Ford Motor Co. delays start of EV production at Oakville, Ont., plant until 2027

The Canadian Press   

Business Operations Cleantech Canada automotive Canada Economy EV manufacturer manufacturing

Ford Motor Co. is delaying the start of electric vehicle production at its plant in Oakville, Ont., by two years.

The U.S. automaker had planned to start production at the Canadian plant, which employs 2,700 workers, in 2025 and is pushing that back to 2027.

Ford announced plans last year to spend $1.8 billion to transform its Oakville assembly plant into a hub for electric vehicle manufacturing including vehicle and battery pack assembly.

It says work to overhaul the plant will begin in the second quarter of this year as planned, but the launch of the new three-row electric vehicles to be produced at the factory won’t happen until 2027.


The delay will give the consumer market more time to develop, the company said, and allow for further development of EV battery technology.

Some employees will remain on site during the plant transformation but there will be layoffs, Ford spokesman Said Deep said Thursday.

He noted that employees are eligible for income security benefits for a period that varies with seniority levels.

The company said it will work with Unifor, which represents 3,200 workers at the plant, to mitigate the impact the delay will have on its workforce.

Unifor said it wants Ford to consider all possible options to lessen the negative effects on workers from the “substantial delay” in the EV production launch at the Oakville plant.

“Unifor is extremely disappointed by the company’s decision. Our members have done nothing but build best-in-class vehicles for Ford Motor Co. and they deserve certainty in the company’s future production plans,” said Unifor national president Lana Payne.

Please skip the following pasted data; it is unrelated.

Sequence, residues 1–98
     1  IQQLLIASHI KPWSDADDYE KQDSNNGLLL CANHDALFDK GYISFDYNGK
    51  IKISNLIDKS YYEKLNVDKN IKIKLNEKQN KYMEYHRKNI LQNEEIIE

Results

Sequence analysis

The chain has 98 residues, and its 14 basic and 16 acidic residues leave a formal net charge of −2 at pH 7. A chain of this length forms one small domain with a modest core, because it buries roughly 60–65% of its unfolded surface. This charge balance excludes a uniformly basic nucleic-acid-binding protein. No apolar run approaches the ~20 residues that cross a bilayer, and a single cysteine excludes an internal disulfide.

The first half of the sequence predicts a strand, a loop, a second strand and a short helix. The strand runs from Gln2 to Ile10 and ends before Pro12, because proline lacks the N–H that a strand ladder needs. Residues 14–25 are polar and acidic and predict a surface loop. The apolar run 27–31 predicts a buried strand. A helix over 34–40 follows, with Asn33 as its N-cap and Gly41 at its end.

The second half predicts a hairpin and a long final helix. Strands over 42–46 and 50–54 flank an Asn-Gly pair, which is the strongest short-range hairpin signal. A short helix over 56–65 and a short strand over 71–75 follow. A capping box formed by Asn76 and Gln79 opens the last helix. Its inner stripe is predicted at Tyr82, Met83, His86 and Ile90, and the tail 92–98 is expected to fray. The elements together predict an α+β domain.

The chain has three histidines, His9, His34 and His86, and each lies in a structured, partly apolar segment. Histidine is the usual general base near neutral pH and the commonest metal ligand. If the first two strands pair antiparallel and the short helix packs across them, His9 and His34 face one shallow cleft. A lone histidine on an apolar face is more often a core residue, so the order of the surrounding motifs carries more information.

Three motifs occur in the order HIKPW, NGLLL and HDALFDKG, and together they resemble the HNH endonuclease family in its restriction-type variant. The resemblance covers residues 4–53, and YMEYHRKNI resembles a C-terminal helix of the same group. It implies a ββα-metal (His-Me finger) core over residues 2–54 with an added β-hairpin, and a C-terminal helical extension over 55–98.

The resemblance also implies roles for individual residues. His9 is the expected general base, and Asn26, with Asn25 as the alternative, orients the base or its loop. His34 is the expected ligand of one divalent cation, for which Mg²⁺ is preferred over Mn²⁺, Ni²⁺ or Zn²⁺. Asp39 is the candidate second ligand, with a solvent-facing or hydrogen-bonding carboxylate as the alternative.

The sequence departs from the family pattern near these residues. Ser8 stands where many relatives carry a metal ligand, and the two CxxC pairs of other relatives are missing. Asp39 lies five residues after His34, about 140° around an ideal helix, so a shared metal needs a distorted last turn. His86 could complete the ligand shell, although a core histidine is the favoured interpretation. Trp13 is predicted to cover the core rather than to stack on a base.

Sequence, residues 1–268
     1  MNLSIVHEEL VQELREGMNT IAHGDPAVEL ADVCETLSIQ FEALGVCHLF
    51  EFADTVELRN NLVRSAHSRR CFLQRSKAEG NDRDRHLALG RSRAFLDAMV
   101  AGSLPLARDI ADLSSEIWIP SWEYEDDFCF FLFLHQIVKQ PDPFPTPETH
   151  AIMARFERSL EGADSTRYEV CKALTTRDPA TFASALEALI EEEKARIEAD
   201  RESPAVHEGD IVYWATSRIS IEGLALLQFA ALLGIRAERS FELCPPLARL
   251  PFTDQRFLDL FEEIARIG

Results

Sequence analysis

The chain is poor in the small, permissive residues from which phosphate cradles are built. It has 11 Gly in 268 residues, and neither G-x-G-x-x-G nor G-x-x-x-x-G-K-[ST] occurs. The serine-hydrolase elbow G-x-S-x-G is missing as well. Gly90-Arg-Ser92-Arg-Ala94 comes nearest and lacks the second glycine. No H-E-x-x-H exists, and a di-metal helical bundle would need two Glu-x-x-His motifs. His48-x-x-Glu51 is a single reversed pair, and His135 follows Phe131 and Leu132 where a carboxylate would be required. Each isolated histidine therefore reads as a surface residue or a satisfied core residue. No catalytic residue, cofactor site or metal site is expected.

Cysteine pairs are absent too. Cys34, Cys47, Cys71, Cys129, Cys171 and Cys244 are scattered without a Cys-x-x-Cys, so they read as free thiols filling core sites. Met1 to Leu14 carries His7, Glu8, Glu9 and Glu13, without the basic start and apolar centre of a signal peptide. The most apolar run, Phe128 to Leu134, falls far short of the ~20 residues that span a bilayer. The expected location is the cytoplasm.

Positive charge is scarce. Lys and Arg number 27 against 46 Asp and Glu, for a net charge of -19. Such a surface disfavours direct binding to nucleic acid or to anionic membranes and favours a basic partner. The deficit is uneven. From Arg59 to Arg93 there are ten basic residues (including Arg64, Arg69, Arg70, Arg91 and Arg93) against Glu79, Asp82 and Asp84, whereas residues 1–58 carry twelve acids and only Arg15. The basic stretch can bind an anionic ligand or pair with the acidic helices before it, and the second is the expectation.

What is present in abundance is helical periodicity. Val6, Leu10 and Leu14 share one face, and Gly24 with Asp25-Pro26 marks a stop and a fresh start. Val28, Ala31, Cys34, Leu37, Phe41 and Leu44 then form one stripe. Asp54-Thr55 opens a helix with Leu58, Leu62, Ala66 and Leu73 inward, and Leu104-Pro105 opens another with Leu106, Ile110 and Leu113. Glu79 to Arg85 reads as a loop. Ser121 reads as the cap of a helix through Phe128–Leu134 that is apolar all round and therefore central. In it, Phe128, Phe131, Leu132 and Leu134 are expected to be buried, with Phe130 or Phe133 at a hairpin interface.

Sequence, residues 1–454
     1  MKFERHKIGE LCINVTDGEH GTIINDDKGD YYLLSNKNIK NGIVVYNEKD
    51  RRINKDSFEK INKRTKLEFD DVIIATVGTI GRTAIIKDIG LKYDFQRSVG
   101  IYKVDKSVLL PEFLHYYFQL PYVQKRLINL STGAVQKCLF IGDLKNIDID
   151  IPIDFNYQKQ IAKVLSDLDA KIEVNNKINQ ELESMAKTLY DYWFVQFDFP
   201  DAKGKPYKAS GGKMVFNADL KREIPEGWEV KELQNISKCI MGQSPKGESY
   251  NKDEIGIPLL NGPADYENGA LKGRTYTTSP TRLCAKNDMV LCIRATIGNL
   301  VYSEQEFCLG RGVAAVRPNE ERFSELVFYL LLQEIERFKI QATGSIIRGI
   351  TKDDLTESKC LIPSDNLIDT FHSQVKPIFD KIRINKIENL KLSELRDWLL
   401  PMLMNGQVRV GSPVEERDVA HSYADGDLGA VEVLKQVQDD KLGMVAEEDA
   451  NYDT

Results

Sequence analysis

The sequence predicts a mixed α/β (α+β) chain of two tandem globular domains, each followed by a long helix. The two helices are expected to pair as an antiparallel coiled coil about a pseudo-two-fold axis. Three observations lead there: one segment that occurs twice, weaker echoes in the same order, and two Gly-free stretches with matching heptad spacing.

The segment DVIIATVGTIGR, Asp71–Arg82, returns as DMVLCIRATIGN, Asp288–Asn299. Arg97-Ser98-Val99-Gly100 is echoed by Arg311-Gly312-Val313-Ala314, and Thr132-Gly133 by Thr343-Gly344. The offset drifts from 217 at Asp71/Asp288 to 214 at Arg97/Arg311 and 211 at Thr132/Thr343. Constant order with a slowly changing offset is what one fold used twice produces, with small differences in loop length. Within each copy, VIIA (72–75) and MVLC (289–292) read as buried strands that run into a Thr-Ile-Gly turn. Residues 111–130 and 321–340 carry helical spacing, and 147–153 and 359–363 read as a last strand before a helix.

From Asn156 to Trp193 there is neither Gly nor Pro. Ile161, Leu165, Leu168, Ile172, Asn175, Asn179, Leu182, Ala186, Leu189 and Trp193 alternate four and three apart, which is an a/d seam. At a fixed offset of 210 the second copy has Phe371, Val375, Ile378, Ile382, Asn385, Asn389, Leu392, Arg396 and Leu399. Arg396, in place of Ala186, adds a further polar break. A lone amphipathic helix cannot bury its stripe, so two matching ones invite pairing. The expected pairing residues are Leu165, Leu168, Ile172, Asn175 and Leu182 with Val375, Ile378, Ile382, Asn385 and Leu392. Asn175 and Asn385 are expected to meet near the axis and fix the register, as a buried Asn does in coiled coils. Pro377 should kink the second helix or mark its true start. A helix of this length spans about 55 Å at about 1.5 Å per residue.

“I want to be very clear here. Our members can be assured that we will push the company to explore every single possible opportunity to lessen the impact of this decision on them and their

Ford president and CEO Jim Farley said the delay is a long-term decision.

“We value our Canadian teammates and appreciate that this delay will have an impact on this excellent team,” Ford president and CEO Jim Farley said in a statement.

“We are fully committed to manufacturing in Canada and believe this decision will help us build a profitably growing business for the long term.”

The Oakville site includes three body shops, one paint building and one assembly building.

Ford has said the planned changes at the site include a new battery plant where workers will assemble parts produced at Ford’s U.S. operations into battery packs that will then be installed in vehicles assembled on-site.

The company’s spending plans were first announced in 2020 as part of union negotiations, with workers seeking long-term production commitments. The Detroit Three automakers eventually agreed to invest in Canadian operations in concert with spending agreements with the Ontario and federal governments.

The two governments agreed to provide $295 million each in funding to secure the Ford investment.


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